Ford has announced that its opened a new wearables research lab in Dearborn, Michigan – a facility that aims to explore the potential of linking vital health information to in-vehicle tech such as lane-keeping assist. What does it mean by that? Well, using your smartwatch, the car could potentially see if you're sleepy and take over driving for you for a while, for instance. Or, if a driver's heart rate increases as traffic intensifies, the vehicle's adaptive cruise control or Blind Spot Information System could increase the distance between vehicles – giving the driver some breathing room.
Speaking of the new Automotive Wearables Experience laboratory (to give it its full name), Gary Strumolo, , global manager for vehicle design and infotronics, Ford Research and Advanced Engineering told us: “As more consumers embrace smart watches, glasses and fitness bands, we hope to develop future applications that work with those devices to enhance in-car functionality and driver awareness.”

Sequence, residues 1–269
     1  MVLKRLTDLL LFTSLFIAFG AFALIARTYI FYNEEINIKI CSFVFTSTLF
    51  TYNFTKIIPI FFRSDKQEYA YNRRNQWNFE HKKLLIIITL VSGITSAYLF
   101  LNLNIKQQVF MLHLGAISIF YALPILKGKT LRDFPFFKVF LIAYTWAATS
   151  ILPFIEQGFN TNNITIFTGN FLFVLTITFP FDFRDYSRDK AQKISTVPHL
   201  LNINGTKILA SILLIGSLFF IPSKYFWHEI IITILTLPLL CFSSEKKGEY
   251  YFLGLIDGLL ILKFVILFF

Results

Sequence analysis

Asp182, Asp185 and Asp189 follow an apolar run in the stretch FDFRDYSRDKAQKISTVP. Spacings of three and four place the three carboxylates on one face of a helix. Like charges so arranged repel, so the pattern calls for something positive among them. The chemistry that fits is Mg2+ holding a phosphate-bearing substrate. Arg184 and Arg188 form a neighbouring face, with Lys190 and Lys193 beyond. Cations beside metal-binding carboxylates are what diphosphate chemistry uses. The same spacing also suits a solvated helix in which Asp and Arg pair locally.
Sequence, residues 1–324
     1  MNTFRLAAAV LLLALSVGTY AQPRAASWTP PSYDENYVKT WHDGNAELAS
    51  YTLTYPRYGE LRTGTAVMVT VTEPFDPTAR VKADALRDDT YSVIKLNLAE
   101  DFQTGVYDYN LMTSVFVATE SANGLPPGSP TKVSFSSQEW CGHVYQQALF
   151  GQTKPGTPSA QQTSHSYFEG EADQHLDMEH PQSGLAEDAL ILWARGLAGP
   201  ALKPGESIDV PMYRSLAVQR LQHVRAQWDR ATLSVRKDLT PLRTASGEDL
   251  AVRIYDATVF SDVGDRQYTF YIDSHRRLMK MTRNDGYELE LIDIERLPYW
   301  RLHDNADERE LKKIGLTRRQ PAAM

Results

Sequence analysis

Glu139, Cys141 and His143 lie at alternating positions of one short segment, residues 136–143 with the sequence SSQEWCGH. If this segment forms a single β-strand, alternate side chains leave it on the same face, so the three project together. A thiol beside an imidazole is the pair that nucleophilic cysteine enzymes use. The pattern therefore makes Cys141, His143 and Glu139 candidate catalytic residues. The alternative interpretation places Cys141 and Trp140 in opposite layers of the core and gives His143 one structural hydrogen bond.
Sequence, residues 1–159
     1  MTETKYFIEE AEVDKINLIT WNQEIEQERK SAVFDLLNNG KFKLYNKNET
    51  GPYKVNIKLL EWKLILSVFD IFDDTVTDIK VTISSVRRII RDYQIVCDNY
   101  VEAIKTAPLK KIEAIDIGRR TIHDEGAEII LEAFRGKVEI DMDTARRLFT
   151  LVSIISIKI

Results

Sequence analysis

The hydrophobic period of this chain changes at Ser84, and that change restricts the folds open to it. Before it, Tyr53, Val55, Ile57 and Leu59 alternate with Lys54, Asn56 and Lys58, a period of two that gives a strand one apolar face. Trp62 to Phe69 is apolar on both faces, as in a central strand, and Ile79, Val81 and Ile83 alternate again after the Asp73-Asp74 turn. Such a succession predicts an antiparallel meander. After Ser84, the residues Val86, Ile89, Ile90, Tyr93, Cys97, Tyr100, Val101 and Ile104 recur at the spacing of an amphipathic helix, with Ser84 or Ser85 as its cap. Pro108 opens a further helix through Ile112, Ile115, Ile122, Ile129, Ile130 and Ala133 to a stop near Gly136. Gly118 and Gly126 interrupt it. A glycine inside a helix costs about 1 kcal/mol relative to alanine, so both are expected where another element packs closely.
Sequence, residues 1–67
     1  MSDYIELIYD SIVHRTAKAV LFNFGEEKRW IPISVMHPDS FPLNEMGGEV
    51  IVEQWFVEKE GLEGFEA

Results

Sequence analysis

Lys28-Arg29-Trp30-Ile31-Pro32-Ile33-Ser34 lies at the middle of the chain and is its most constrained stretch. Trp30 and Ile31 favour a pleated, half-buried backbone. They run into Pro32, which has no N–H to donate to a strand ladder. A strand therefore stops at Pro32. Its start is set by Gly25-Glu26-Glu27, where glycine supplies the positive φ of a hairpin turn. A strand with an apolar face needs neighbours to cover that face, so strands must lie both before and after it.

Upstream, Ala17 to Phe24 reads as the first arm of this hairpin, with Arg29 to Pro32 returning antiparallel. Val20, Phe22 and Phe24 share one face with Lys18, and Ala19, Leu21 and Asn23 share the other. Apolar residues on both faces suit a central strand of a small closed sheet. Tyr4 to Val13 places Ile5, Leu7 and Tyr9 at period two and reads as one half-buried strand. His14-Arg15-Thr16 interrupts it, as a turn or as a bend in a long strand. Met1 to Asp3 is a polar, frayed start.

He continues: “Wearable technology integrated with the vehicle allows for more accurate biometric data to stream continuously and alert active driver-assist systems to become more sensitive if the driver shows signs of compromised health or awareness.”
Ford reckons the ability to measure wakefulness and health data including blood pressure, blood glucose and heart rate via wearable technology also could benefit semi-autonomous driving features.
And the wearables lab is examining ways to signal a driver using semi-autonomous features of the potential need to take driving control back from the vehicle. If there were road construction or an accident ahead, a situation requiring a human at the wheel, the technology could send a wrist vibration or chimes, or even activate flashing lights on the dash.
In addition, the lab is working on voice control functionality so that you could open your car and start it via a passphrase, for instance. Neat. And the boffins there are also beavering away on new ways to sell cars to us – such as VR experiences (think virtual test drives) in dealerships.